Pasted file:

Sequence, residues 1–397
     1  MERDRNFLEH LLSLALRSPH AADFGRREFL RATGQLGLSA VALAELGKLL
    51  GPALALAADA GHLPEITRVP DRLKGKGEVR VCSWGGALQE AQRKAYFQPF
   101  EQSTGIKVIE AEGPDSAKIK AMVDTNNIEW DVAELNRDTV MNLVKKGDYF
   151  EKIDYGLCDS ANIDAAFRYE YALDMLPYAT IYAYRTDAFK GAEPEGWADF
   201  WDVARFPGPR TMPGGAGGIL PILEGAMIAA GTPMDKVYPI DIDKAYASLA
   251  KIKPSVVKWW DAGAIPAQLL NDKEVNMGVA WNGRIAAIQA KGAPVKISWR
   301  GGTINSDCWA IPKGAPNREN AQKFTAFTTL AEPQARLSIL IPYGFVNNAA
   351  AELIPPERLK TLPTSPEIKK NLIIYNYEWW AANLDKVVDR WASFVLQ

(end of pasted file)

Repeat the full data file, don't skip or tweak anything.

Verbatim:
Sequence, residues 1–397
     1  MERDRNFLEH LLSLALRSPH AADFGRREFL RATGQLGLSA VALAELGKLL
    51  GPALALAADA GHLPEITRVP DRLKGKGEVR VCSWGGALQE AQRKAYFQPF
   101  EQSTGIKVIE AEGPDSAKIK AMVDTNNIEW DVAELNRDTV MNLVKKGDYF
   151  EKIDYGLCDS ANIDAAFRYE YALDMLPYAT IYAYRTDAFK GAEPEGWADF
   201  WDVARFPGPR TMPGGAGGIL PILEGAMIAA GTPMDKVYPI DIDKAYASLA
   251  KIKPSVVKWW DAGAIPAQLL NDKEVNMGVA WNGRIAAIQA KGAPVKISWR
   301  GGTINSDCWA IPKGAPNREN AQKFTAFTTL AEPQARLSIL IPYGFVNNAA
   351  AELIPPERLK TLPTSPEIKK NLIIYNYEWW AANLDKVVDR WASFVLQ